John Paff
Somerset, New Jersey

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County faces $10 million lawsuit in jail death - Man accused of stealing shirt died from an untreated stomach infection

Star-Ledger, The (Newark, NJ) - Tuesday, December 20, 2005

Author: JUDITH LUCAS, STAR-LEDGER STAFF

Donald Davis was arrested and locked up at the Union County Jail on Oct. 25 for stealing an undershirt from a store in Elizabeth.

Five days later, the 44-year-old man from Newark was found dead in his cell, from an untreated stomach infection - peritonitis.

His grieving mother, Vernita Davis , said her son tried to explain to prison guards his need for life-sustaining medication, but they swore at him and ignored his pleas.

Yesterday, she gave notice to the Union County Sheriff's Department and Union County that she planned to sue them for $10 million in a wrongful death claim.

"My son should not have needlessly died over a charge of petty shoplifting," said Vernita Davis .

"In effect, he got a death sentence for petty disorderly theft," said Anthony Macri, the attorney hired to represent the Donald Davis estate.

Vernita Davis said her son died a slow, painful death that could have been avoided.

"I know from having spoken to people who were in the jail that he was crying out, yelling out in pain during this time and that the guards responded to his yelling out with pain with expletives," she said. "I find that outrageous."

Union County refused to comment on the case, said spokesman Sebastian D'Elia.

But county officials will eventually have to answer the charges.

Macri said his client died because his jailers deprived him of medical treatment. When Donald Davis was arrested, he was only days out of Beth Israel Medical Center in Newark, where he was treated for a perforated gastric ulcer. Macri said Donald Davis told the guards of his ailments.

"We are alleging that as a result of their failure to give him treatment for five days, that led to this peritonitis and that was what killed this young man," Macri said.

"There is no reason he should have been neglected," Macri said. "There was a medical condition that required attention. There is no excuse. This man needed prompt attention and they were obligated to see that he got it and to go five days without anything, not even medication, is not appropriate."

Donald Davis was unemployed and lived with his mother in an apartment in Newark. He did not have the $300 bail money, so he sat in his cell and told anyone who would listen, including his mother who visited him twice, about his stomach pains. Guards found him dead at 8 a.m., during their morning rounds. Macri said it appears Donald Davis had been dead for at least an hour.

-30-

Woodlynne pays $105K to former police officers

In September 2008, the Borough of Woodlynne in Camden County paid $105,000 to two former Caucasian police officers who claimed reverse discrimination because the town's mayor, Jeraldo Fuentes, preferred to give promotions to Latinos. The officers who were plaintiff in the suit were David Gunnings and Andrew Lee. Another plaintiff, William Moore, was dismissed from the suit because of his failure to abide with pretrial discovery obligations. The settlement agreement and other court filings are at:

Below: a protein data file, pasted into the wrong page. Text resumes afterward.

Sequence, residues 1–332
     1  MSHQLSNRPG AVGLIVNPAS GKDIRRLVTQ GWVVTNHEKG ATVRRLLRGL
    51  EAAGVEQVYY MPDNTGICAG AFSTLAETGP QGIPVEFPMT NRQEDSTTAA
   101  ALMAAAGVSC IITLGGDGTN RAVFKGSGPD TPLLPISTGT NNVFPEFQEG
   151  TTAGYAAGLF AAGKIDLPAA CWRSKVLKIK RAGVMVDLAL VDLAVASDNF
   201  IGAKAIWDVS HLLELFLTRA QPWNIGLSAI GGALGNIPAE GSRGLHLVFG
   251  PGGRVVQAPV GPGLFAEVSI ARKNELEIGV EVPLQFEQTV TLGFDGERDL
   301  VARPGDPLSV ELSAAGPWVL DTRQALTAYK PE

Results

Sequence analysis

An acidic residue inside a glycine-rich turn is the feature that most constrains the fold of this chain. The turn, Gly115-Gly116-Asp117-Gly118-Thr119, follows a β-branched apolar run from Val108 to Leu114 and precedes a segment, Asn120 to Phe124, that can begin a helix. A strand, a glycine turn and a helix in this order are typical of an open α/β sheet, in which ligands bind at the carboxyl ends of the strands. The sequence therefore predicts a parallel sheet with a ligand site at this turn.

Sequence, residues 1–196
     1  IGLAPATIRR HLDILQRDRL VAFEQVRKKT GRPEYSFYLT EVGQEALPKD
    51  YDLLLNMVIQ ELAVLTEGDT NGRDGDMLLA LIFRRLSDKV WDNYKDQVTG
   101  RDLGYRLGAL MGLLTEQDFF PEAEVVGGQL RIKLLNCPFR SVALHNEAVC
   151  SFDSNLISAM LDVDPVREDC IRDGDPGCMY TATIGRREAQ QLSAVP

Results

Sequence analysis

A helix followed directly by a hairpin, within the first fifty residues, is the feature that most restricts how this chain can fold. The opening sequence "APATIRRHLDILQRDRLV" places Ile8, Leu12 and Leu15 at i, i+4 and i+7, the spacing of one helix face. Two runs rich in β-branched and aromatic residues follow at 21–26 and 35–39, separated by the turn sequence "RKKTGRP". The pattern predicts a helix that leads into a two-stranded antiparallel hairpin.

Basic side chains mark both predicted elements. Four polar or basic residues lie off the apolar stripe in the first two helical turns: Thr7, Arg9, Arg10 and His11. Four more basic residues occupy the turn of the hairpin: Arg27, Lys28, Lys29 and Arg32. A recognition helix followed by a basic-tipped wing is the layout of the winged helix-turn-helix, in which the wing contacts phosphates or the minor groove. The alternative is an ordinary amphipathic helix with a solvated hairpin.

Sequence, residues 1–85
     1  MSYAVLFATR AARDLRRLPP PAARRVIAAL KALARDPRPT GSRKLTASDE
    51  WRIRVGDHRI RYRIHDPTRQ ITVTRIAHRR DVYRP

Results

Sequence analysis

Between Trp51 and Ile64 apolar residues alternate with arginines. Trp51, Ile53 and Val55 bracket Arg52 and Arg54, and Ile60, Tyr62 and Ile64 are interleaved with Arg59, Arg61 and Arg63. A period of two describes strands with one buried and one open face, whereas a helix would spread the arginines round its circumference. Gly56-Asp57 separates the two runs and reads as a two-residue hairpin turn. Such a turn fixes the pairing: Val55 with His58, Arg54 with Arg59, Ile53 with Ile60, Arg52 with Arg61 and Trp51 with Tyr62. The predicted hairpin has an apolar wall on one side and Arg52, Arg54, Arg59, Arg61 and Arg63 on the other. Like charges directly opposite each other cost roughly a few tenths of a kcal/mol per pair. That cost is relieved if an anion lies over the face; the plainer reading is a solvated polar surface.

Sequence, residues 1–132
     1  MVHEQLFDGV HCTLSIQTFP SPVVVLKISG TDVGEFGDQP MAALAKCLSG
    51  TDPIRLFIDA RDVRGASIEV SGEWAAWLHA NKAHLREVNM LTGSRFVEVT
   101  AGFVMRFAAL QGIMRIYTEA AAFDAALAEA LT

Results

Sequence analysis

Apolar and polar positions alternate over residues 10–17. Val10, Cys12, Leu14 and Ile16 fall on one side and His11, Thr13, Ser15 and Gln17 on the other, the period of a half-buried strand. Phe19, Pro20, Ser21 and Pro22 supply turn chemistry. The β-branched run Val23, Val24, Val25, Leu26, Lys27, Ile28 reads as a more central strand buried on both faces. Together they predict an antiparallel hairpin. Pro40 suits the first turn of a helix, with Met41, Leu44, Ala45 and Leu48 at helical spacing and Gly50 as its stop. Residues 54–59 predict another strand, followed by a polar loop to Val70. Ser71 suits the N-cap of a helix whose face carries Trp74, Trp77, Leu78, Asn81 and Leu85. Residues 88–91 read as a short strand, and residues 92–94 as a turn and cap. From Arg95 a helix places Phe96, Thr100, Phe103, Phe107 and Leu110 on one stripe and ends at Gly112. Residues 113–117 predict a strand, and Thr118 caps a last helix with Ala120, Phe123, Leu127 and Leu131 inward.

http://www.lpcnj.org/OGTF/Woodlynne.pdf

A December 28, 2007 court opinion, included with the documents at the above link, contains some interesting allegations regarding Woodlynne politics.

The statements above were all taken from the officers' version of events. The settlement agreement expressly states that the $105,000 payment does not constitute an admission of wrongdoing by the Borough or any of its officers or employees. All that is known for sure is that Woodlynne Borough and perhaps its insurer, for whatever reason, decided that they would rather pay the officers and their lawyers $105,000 than take the matter to trial. Perhaps the Borough's decision to settle was done to save further legal expense and the costs of trying what were in fact exaggerated or meritless claims. Or, perhaps the officers' claims were true, and the Borough wanted to avoid being embarrassed at trial. This is the problem when cases settle before trial--it is impossible to know the truth of what really happened.

ABOUT ME AND WHY I'M POSTING THIS.

I chair the New Jersey Libertarian Party's Open Government Advocacy Project which seeks to increase governmental transparency and accountability, particularly at a local level. As part of my work, I routinely check civil court cases where at least one of the parties is a government agency or official. Sometimes I run across settlements that may be of interest to citizens and taxpayers. For more information on the Libertarian Party, visit www.njlp.org

John Paff
Somerset, New Jersey